In the last segment on How To Alternative Bill – I focused on budgets and understanding your costs as they relate to alternative fees. Although related to pricing, that discussion was more about the ability to drive profitability. The market sets prices, but the costs of delivering your services under those prices determines your profits.

So let’s talk about pricing. Markets set prices through the interaction of buyers and sellers. But how does the market set prices for legal services? Last week I was researching two different subjects that brought this idea into focus for me. On one hand was a post about how law firms have just kept raising rates (a.k.a prices) each year and the other hand was an article talking about the controversy involved in “mark-to-market” practices.

Mark-to-market is the practice of setting price by occasionally reaching out to a market and asking for buyer/seller interaction. Many markets set price continuously (beer and pretzels are two examples). Some markets need to take a more manual approach and set them when deals occur – thus the mark-to-market concept. So how are legal fee prices set in the market? The answer: they aren’t. Billing rates are set in the market, but for the most part there is not a market mechanism for setting fees for most types of legal matters.

The closest thing we have is the “gut” feeling mentioned in my prior post on budgets. So when you go to a client and ask them what they think is a fair market price, they generally shift the conversation to rates and hours. Because that is what the market has valued and priced.

So what the legal market could use is some mark-to-market like benchmarks when it comes to pricing. First thought – I will be rich if I figure this out. Second thought – where does this market information exist? What would be nice is market information about the price of a trial or the price of discovery in a category of litigation. I know – most lawyers will say there are too many variables involved. More accurately there are a range of variables and thus a range of prices. This ‘range’ concept is not unique to law practice and as such is not an insurmountable problem.

Ultimately we would benefit from some form of market to set prices on fees (versus rates). The old fashion method is offering up a sell price and seeing how buyers respond. There are some emerging examples of this. But until law firms offer up pricing by fees and clients can respond within some defined market (even a mark-to-market styled one), we will not have a pricing function.

OK – so this post hasn’t really solved the pricing problem since there isn’t a market to set prices against. Hopefully it has provided a better definition of why the problem exists and one idea for addressing it.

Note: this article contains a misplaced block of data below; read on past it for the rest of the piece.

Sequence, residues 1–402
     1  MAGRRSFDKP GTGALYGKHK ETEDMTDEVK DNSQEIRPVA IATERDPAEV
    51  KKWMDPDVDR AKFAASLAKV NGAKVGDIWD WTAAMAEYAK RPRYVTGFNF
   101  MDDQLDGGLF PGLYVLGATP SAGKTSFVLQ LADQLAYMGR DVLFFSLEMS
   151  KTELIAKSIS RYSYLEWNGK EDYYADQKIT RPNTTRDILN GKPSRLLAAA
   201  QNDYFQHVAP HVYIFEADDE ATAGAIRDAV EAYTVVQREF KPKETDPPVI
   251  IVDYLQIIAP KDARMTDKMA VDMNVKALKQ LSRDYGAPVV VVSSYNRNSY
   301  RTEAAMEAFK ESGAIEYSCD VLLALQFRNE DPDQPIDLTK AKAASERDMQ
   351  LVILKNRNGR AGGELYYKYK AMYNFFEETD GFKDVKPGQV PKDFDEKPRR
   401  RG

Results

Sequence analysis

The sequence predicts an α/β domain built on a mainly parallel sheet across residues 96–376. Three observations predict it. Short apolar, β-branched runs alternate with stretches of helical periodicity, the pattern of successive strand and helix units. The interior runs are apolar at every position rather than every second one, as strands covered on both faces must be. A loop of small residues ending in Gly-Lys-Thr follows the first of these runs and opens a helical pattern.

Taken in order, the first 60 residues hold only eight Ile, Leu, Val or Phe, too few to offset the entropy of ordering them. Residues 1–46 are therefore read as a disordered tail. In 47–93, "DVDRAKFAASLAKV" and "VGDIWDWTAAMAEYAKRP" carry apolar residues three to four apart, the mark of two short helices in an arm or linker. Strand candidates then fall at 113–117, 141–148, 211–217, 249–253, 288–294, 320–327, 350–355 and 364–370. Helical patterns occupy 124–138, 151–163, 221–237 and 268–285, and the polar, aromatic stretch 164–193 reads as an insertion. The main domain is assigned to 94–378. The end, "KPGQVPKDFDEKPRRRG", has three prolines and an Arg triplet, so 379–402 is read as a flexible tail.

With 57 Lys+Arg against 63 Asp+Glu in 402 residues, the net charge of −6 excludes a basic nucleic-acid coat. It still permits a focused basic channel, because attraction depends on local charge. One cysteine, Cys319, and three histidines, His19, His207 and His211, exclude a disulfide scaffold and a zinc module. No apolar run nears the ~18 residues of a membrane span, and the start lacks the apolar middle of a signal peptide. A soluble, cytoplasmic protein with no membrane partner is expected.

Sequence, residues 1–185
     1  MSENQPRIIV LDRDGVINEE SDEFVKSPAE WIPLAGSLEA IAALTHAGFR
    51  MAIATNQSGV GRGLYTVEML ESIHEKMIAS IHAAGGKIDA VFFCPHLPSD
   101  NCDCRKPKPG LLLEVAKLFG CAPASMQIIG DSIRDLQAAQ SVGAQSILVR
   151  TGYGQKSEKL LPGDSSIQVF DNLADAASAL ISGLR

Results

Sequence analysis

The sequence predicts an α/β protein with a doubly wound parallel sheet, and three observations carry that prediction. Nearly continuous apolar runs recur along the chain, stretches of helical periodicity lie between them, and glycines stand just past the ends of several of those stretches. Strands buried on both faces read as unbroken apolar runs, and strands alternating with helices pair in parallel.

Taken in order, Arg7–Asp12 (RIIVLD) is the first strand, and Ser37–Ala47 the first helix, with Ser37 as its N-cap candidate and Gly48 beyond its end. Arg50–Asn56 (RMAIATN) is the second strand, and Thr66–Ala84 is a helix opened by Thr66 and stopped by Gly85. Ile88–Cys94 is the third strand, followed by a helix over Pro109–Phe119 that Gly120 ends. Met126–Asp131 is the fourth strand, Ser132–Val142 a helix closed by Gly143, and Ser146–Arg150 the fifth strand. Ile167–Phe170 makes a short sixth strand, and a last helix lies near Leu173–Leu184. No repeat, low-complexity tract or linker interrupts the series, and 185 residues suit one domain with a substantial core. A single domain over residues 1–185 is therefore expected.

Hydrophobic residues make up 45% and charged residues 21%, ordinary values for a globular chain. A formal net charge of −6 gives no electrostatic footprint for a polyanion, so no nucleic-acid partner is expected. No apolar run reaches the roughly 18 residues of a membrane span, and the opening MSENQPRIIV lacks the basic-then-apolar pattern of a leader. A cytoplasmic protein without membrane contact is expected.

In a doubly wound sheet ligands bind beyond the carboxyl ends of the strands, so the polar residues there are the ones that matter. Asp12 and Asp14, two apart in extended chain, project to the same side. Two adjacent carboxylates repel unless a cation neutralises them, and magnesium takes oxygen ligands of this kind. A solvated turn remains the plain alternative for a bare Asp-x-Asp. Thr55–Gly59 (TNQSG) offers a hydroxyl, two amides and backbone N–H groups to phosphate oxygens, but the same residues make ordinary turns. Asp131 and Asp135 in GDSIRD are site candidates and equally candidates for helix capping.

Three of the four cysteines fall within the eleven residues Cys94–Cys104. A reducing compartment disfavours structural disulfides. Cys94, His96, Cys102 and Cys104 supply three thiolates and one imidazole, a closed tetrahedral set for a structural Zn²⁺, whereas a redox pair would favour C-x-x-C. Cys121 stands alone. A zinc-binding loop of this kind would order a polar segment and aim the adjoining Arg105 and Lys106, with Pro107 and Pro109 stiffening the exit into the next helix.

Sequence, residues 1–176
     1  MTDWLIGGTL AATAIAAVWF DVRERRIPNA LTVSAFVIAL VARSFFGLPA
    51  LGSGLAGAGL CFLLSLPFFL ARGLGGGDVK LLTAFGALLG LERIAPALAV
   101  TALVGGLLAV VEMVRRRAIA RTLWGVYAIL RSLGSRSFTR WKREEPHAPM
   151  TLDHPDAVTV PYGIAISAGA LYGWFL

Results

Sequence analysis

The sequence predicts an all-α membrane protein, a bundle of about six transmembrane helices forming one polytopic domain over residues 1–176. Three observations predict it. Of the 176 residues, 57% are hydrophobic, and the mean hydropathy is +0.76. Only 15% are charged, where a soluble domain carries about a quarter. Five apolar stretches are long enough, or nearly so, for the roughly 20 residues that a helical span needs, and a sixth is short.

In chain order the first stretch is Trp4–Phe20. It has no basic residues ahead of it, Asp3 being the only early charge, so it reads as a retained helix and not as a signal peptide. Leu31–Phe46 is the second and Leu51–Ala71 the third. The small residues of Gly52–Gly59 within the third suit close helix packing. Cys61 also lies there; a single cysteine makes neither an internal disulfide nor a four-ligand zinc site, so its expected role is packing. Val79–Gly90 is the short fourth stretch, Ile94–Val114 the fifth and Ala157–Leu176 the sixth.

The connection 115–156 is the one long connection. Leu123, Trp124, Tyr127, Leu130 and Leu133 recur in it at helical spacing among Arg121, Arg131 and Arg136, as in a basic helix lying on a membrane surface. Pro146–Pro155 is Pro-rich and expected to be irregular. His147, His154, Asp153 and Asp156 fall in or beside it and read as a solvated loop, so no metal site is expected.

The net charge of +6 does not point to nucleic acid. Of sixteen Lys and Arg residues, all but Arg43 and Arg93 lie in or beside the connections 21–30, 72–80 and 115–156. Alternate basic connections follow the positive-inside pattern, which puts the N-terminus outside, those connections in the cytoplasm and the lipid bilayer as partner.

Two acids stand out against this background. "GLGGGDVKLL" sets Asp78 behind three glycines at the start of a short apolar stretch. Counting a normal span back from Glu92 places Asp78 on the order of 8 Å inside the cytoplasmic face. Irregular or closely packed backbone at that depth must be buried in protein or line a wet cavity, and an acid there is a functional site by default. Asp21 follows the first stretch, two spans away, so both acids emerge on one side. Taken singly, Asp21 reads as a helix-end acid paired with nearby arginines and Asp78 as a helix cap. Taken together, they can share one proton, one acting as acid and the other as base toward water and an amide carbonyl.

• Great post, Toby. I will be anxiously awaiting for the “I’m Rich” victory lap from you . . .

  • Toby, I like this in theory, but I just don’t see how this can work to modify prices charged within a law firm (as opposed to among separate law firms) with fixed costs being what they are. Does the landlord, phone company and–gasp–staff also need to reset their expectations based on the market pricing of the law firm’s services at a particular time?

    The fundamental problem I see with lawyer’s rates and fees is that all negotitations are based upon a set expectation of the lawyer: how big her salary is, how nice the office is etc. Such fixed costs (many of which have absolutely nothing to do with the cost of providing the legal services), set the baseline for negotiation. In the past, high quality lawyers all worked from the same baseline (that is, in high end law firms). Thus, the rates for most quality lawyers all had the same built-in baseline. Information costs and business risk were so high for clients regarding legal services that they effectively had no choice but to purchase their legal services from big law providers.

    Today, however, many high quality lawyers are practicing outside of the traditional big law firm setting. And, most importantly, clients are increasingly able to identify these providers using the internet. These non-traditional legal practices allow the lawyers to provide high end legal services without the traditional baseline fixed costs associated with big law firm practices. The overall cost of legal services to clients then can then be reduced.

    As more clients obtain legal services from lawyers in non-traditional practice models, pricing information will begin to leak out. I believe that it will become more apparent to clients that the traditional law firm legal service model does not best serve the client’s needs. Pricing pressures on the traditional law firm model will become more acute, however, I fear that most law firm lawyers will not re-adjust their expectations. Instead, they will continue to fire staff and associates and hope for the best.

  • Jackie – thanks for the thoughtful comment.

    My post was more about the lack of a market mechanism for affirming price. If a firm offers a deposition for $10k, the client has no market info to know if that is a fair price. There have been some attempts in the past to establish a market price (reverse auctions) that have not worked that well.

    I agree that costs should not set price as they have been. Costs are generally not relevant to pricing. The costs for high-end space and 1st year associates should not matter to the buyers. Yet our current focus on rates as a pricing mechanism have driven those debates.